Eliphaz views Job as nothing more than a wind bag (cf. 15:2). In other words, he thinks Job's arguments lack substance. He views Job's every word as useless or "unprofitable talk" (15:3). Certainly Job is disappointed once again. His arguments have not been seriously considered by his friends.
Eliphaz's point in 15:4 might be this: "How can we pray or think about spiritual things when we are sitting in the presence of someone who is so irreverent to God?" Job had accused his friends of an improper attitude back in 13:7-12, and now Eliphaz charges him with such. Let it be remembered that in the end, the friends of Job were the ones who were guilty of speaking incorrectly (cf. Job 42:8).
Job had asked for proof of his sin. Eliphaz responds - "Your own mouth condemns you, and not I; yes, your own lips testify against you" (Job 15:6). Eliphaz claims that Job's very words are enough proof that he has a serious sin problem. No other evidence is needed in their estimation! Sadly, Job's friends had already made up their mind about him, and there was nothing he could say to sway them (even though he tried). They saw and concluded what they wanted to about his dreadful suffering. Eliphaz's statement here (and the attitude that prompted it) reminds me of Matthew 26:64,65 where Jesus affirms His deity and is immediately charged with blasphemy. His accusers didn't want it to be true, and would not believe no matter what evidence was presented. Their ears were closed (as were the ears of Job's friends). Thankfully, unlike the religious leaders who condemned Jesus, the friends of Job do repent later and are forgiven (cf. Job 42:8-10).
Eliphaz then appeals to the voice of experience in Job 15:7-10:
"Are you the first man who was born? Or were you made before the hills? Have you heard the counsel of God? Do you limit wisdom to yourself? What do you know that we do not know? What do you understand that is not in us? Both the gray-haired and the aged are among us, much older than your father."
These ad hominem attacks against Job's age prove nothing, and they don't deal with the substance of Job's argument. Eliphaz assails Job with a barrage of questions, intended, no doubt, to humiliate him. Interestingly, this is the same basic approach God will take in chapters 38-41, but with a much different reaction from Job. God's questions humble Job, but Eliphaz's questions anger him.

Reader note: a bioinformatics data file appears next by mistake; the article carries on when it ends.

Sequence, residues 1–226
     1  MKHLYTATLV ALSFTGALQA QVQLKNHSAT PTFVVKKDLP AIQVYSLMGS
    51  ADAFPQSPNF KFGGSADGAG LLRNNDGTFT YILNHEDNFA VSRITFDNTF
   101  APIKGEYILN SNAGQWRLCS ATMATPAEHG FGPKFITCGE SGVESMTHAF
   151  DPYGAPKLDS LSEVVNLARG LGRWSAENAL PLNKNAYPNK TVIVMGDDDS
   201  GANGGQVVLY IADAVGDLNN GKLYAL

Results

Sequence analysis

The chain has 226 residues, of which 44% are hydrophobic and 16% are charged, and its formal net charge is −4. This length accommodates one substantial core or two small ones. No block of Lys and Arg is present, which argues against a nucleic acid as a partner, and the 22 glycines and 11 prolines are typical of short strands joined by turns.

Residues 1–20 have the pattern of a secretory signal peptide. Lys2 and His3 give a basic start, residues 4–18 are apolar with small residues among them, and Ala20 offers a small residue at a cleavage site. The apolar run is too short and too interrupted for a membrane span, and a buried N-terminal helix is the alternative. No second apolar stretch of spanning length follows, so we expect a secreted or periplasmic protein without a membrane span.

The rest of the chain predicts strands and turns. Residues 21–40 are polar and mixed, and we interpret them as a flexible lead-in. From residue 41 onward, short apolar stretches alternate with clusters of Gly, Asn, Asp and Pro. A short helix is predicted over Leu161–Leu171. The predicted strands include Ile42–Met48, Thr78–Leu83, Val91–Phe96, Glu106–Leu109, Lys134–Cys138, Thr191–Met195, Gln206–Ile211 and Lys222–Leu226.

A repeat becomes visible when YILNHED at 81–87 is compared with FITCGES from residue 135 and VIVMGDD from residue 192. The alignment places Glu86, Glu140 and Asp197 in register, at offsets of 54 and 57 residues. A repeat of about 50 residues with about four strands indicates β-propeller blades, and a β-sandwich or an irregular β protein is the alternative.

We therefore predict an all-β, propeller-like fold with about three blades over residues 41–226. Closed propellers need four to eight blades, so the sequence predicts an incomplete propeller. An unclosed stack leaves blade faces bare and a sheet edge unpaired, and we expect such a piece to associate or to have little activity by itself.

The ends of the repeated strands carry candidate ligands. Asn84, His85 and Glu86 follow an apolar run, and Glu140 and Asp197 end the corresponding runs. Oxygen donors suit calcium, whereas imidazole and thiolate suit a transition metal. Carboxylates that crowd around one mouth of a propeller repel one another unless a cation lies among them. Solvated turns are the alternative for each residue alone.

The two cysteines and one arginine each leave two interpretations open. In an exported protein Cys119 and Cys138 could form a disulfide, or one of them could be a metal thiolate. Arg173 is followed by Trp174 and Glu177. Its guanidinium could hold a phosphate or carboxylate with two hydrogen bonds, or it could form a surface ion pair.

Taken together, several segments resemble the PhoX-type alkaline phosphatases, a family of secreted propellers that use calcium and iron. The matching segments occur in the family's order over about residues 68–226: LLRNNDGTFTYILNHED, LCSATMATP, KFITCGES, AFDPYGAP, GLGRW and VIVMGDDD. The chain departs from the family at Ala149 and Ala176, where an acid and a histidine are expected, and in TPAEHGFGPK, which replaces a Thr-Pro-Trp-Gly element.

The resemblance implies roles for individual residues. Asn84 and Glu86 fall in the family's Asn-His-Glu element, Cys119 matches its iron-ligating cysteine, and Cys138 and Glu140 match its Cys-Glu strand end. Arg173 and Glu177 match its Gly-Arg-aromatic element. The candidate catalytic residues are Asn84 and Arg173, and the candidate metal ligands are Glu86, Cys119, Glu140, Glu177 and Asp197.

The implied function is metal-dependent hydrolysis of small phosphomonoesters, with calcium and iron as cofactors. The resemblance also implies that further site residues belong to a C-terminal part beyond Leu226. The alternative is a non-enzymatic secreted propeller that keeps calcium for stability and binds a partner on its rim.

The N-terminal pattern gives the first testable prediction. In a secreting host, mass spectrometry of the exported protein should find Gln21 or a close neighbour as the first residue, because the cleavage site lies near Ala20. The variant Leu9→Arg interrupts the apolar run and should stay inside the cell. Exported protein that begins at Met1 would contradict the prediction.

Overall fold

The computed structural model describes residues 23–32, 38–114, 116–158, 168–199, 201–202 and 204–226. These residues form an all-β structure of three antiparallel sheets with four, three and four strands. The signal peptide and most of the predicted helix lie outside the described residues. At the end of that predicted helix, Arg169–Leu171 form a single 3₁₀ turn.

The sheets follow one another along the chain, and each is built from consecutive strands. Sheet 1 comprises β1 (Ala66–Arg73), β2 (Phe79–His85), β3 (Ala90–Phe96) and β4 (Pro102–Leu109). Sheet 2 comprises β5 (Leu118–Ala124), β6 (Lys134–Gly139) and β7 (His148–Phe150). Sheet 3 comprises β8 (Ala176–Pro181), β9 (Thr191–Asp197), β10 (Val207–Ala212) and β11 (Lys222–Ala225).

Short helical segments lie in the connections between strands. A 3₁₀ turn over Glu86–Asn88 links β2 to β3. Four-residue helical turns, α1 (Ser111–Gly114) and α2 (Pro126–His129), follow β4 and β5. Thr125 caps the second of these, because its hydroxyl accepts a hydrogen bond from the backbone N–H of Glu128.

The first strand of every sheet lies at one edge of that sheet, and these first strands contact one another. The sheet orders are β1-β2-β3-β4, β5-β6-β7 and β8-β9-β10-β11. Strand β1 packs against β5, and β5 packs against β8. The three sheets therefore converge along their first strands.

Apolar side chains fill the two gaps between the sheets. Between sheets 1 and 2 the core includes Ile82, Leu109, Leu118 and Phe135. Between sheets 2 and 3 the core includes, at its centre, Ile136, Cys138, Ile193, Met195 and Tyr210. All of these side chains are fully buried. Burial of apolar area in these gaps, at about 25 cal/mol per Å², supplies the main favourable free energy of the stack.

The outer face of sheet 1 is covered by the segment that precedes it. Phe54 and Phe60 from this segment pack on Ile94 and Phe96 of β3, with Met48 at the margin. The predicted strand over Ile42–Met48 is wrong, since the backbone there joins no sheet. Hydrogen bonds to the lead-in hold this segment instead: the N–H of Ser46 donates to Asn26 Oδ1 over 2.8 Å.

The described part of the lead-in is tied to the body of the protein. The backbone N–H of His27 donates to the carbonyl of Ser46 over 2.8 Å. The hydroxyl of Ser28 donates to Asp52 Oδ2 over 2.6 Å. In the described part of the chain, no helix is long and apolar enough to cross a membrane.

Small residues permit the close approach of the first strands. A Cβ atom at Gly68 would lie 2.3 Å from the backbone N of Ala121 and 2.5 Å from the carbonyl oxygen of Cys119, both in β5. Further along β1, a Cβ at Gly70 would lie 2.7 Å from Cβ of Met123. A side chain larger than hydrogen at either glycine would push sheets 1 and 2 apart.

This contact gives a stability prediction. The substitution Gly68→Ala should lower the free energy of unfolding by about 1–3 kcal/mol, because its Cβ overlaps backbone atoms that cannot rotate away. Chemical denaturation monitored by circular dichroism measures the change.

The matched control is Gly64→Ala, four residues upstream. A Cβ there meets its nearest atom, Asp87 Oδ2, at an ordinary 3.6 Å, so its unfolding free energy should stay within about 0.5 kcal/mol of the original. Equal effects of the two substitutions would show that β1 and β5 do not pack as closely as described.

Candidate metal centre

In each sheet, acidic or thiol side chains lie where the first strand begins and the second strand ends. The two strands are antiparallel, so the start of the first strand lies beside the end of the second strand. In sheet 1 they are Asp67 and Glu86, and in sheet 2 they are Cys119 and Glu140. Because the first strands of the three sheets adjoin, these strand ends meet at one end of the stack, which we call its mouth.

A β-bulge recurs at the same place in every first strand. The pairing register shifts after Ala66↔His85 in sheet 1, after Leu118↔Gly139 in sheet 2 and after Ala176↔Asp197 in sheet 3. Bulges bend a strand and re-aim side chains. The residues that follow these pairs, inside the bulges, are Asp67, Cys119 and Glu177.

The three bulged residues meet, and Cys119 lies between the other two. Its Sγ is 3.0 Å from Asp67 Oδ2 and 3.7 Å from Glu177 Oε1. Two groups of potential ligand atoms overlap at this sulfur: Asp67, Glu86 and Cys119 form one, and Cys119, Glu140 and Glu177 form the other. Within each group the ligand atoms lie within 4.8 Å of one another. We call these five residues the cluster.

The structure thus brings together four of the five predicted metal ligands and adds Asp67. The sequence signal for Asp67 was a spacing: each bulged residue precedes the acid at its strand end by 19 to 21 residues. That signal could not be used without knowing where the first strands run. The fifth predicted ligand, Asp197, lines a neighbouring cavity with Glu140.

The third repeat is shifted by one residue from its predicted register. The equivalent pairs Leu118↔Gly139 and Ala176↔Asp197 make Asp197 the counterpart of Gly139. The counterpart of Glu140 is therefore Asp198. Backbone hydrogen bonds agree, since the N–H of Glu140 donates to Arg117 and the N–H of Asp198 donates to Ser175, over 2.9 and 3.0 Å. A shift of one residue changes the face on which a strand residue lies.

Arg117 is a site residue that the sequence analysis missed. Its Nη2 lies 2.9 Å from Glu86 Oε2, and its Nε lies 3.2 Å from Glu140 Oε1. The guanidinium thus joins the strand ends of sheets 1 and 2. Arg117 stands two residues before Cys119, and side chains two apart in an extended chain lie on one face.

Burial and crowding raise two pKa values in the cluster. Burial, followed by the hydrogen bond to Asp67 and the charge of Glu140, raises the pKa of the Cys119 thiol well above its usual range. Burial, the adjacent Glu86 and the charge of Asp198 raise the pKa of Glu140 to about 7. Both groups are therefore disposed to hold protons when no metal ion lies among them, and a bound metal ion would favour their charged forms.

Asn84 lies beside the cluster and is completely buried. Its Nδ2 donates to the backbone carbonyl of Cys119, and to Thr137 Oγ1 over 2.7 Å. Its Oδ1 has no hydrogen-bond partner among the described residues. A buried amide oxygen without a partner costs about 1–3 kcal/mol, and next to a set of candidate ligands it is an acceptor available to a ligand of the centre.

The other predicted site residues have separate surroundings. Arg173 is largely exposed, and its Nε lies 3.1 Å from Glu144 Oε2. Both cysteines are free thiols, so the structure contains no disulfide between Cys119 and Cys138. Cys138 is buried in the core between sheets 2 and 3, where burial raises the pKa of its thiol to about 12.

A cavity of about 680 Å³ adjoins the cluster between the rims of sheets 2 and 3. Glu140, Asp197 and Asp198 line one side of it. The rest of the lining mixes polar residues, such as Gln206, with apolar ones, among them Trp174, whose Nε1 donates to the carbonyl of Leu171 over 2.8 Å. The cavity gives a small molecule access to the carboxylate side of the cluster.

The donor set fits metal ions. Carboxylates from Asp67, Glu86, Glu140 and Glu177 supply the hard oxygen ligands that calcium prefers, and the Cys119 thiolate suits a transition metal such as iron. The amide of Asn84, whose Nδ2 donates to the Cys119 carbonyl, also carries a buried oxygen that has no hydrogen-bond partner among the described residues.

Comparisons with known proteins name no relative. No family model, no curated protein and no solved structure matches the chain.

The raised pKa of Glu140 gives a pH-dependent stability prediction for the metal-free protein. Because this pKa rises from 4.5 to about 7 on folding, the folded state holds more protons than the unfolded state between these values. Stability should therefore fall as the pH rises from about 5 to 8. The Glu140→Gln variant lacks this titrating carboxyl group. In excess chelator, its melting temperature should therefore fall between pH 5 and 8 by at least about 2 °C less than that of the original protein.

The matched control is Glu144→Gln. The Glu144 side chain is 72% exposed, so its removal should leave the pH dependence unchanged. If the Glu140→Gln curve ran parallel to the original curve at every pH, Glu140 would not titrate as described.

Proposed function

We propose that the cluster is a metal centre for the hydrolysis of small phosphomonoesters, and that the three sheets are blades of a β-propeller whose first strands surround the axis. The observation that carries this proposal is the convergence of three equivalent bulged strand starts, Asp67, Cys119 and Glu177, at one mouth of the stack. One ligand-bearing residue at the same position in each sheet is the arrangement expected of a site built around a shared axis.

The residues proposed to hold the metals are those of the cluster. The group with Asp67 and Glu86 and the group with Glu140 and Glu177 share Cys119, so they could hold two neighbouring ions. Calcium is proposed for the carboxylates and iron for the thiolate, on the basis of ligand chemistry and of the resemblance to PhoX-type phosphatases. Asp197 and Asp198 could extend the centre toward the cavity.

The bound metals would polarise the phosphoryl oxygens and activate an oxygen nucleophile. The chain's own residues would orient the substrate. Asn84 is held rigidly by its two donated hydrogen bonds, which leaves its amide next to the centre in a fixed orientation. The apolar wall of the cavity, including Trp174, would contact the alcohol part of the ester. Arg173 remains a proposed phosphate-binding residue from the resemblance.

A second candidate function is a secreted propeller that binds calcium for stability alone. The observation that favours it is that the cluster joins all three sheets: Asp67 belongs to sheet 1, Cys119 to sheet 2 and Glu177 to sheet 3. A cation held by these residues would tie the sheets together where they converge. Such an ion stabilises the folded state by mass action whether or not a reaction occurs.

Eliphaz continued in Job 15:14-16 - "What is man, that he could be pure? And he who is born of a woman, that he could be righteous? If God puts no trust in His saints, and the heavens are not pure in His sight, how much less man, who is abominable and filthy, who drinks iniquity like water!" It is true that all humans are sinners, and that many participate in sin as freely as they breathe oxygen. Nevertheless, this doesn't answer Job's argument. Job has not claimed to be utterly sinless, but he denies that he has committed anything that should result in the suffering he has endured.
The second half of the chapter (verses 17-35) records Eliphaz's long, detailed description of how God portrays Himself to the wicked man. Some believe this was a quotation from the fathers which had been handed down through the generations. Of particular interest is Job 15:20,26,27 - "The wicked man writhes with pain all his days...For he stretches out his hand against God, and acts defiantly against the Almighty, running stubbornly against Him." Eliphaz seems to be implying that Job is a wicked man who is suffering for rebellion against God.
Although Eliphaz speaks much truth, his application to Job is in error. Job's main question for his friends still remains unanswered: "Why do the wicked sometimes prosper and the righteous sometimes suffer?"